This course is much more in depth than the normal introduction I give to new users of DoES Liverpool’s laser cutter, so at the end of the day you should be proficient enough to come in and use a hobby laser cutter by your self.
One of the smaller projects that I took to Maker Faire last month was a strain gauge reading circuit for Arduino. While the Arduino in the demo setup was actually redundant (the voltage input from the scales was output to a 5V dial gauge directly) there was also a circuit diagram setup to show how to use an instrumentation amplifier to boost the voltage output from the strain gauges in a set of supermarket weighing scales to a value great enough that the Arduino could read it as an analogue input.
One of the reasons I took this to Maker Faire UK was because I couldn’t find a guide to connecting strain gauges to Arduino that said “here’s the amplifier that you need, here’s how to connect it and here’s how to take readings”.
I’m sure you’ve seen the write up from Mudlark and the blog post from BBC R&D about their new Perceptive Radio that localises content and adjusts playback characteristics depending on listener interaction. I was approached by MCQN Ltd as the electronics part of the radio was nearing completion and asked if I could help with creating an enclosure that would portray the project well as a radio-type device.
While I am expecting to get the clearance to open-source the case design the same way that the electronics and code has been, in the meantime I can show you some of detail that went into the case build and some of the laser cut parts that place the components.
If you want to see how the perceptive radio works, the radio play is available online at futurebroadcasts.com
This coming weekend, Maker Faire UK is at the Centre for Life in Newcastle. I’ll be exhibiting as part of the DoES Liverpool stall this year.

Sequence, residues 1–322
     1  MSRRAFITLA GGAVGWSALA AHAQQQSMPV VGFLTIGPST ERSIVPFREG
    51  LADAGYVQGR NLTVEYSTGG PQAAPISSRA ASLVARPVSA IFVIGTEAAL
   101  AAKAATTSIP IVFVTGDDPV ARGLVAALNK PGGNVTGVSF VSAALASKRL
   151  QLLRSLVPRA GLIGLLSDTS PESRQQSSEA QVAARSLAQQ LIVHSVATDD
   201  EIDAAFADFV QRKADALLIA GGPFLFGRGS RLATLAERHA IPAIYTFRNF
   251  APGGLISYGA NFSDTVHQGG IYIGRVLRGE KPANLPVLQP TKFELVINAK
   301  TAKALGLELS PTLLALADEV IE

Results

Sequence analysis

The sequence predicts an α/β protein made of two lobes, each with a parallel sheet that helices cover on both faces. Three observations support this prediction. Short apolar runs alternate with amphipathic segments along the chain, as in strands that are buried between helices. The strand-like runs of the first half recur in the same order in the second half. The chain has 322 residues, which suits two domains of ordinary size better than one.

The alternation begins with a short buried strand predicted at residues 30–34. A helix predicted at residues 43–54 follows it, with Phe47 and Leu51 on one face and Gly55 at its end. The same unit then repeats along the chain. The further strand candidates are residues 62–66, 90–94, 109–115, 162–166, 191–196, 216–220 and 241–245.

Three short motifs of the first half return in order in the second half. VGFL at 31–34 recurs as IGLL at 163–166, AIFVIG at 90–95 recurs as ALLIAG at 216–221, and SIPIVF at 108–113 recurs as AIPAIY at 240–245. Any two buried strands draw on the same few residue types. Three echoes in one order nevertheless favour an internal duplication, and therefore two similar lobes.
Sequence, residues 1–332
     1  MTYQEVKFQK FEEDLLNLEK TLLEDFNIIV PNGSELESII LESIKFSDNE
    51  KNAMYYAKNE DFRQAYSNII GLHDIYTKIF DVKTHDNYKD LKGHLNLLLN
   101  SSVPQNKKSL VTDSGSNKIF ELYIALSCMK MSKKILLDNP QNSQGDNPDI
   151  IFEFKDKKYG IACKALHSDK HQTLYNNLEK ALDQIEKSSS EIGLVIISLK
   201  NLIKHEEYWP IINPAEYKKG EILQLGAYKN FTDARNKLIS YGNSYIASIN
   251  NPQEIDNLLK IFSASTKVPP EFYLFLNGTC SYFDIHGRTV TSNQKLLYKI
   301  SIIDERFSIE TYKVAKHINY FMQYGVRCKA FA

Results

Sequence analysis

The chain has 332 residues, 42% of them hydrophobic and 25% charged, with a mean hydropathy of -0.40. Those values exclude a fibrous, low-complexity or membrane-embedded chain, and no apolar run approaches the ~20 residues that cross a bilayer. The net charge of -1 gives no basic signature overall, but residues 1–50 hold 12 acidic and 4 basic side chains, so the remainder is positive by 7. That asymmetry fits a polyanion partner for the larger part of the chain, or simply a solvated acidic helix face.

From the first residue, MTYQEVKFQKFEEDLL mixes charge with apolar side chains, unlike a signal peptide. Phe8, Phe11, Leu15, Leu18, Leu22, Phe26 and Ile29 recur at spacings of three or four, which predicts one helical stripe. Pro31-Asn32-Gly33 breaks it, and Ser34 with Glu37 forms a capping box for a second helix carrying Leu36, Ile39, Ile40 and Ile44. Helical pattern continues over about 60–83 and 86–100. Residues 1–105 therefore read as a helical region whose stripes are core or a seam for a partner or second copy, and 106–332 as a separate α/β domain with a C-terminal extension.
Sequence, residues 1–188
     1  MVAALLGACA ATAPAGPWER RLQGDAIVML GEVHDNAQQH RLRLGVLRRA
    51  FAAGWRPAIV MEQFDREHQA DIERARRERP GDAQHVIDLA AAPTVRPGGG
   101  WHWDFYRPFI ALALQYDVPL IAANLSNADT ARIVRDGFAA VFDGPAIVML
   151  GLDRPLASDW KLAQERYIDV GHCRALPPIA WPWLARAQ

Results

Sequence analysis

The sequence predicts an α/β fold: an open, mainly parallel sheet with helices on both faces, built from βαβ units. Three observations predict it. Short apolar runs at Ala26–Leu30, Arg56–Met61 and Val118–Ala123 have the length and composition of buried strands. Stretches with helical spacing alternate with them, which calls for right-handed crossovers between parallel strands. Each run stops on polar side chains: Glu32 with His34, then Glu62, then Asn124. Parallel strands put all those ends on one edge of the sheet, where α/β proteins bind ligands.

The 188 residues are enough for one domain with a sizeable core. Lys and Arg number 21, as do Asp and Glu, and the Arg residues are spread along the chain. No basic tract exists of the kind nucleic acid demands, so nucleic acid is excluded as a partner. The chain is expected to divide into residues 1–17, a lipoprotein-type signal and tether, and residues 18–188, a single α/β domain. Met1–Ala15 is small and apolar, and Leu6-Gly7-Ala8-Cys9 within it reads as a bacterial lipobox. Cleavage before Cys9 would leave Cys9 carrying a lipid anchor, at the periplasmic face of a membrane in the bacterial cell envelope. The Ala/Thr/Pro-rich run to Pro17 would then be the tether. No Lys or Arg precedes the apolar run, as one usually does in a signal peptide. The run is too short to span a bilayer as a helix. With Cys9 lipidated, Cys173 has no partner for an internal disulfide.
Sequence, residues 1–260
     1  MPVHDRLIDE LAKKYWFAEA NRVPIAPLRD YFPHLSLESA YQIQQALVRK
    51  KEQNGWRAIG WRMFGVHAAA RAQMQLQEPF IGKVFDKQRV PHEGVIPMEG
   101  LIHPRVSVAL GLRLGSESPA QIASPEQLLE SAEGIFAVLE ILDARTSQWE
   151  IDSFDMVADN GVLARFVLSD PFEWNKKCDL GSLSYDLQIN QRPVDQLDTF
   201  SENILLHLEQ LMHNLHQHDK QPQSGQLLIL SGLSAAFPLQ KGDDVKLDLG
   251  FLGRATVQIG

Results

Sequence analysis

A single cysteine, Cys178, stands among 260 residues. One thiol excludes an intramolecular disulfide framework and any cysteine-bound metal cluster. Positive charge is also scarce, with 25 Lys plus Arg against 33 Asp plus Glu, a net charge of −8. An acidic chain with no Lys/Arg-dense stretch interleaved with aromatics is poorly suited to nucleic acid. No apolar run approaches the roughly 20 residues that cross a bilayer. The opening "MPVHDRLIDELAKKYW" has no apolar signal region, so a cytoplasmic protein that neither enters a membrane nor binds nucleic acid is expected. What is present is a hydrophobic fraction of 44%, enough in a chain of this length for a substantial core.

While I initially started going to DoES Liverpool, it was to get some hands-on experience with running a laser cutter, which would improve the work I was doing with the Atomic Duck. Since the start of this year, I’ve been working as the technician for the co-working, workshop and makerspace.
Along with helping users get started with the laser cutter and the 3D printer in the workshop, I’ve also been able to do some really interesting smaller projects too and I’m looking forward to showing some of those off at Maker Faire this year.
Included on the stand from me will be:
The clip-together “Clip-R-Pi” >Raspberry Pi boxes showing the integrated that I developed.
A £6 Arduino-shield-compatible board based on the shrimping.it project (a £3 barebones arduino clone-on-a-breadboard).
The Doodlebot-Pro, a more permanent version of the pens+cup+tape+vibrating motor robot. This version has a laser cut chassis with 120 degree finger joints and integrated elastic clips so it can be assembled and disassembled in seconds.
An animated, 90 LED wordclock that is driven from 10 digital pins on the Arduino using Charlieplexing. Also there will be a demo circuit showing the charlieplexing schematic and the persistence of vision effect.
Arduino scales built using an instrumentation amplifier to get readings directly from the strain gauges in a commercial kitchen scales.
I’ve previously shown for laser-cut elastic-clips for comb joints what the equations are for calculating maximum bending stress and operating force, using the distance that the clip has to deflect in use as the starting point. I also explained how a tapering clip profile was preferable to a straight one. This time I’m going to share an example of a practical clip geometry that I’ve been using regularly to hold small parts together in 3mm acrylic.
While the clip is useful as a component of other parts, it’s helpful to see how it is used to make something practical, so I’ve also made a clip-together box that can be completely made from laser cut acrylic, with no other parts or tools needed. Both the clip geometry and the box are available on thingiverse for you to download, use and remix.
As a measure of how robust the clips that hold the box together are, we’re now also producing some Raspberry Pi cases using a derivative of the box design above. Manufactured in Liverpool, in the UK, we have some of the first batch available to buy in the shop now. (More on the Clip-R-Pi cases next time)
During a makerday, I saw a someone struggling to put together a Raspberry Pi box that they’d laser cut, and were trying to hold together:
two pieces of acrylic to make the joint,
and the Raspberry Pi board,
and a nut into a slot,
while also attempting to screw in a bolt,
and not drop everything.
So I started thinking about if it would be possible to extend the work I have been doing on making flexible areas in acrylic to make a clip mechanism that could be laser cut to make self-fixing comb-jointed parts.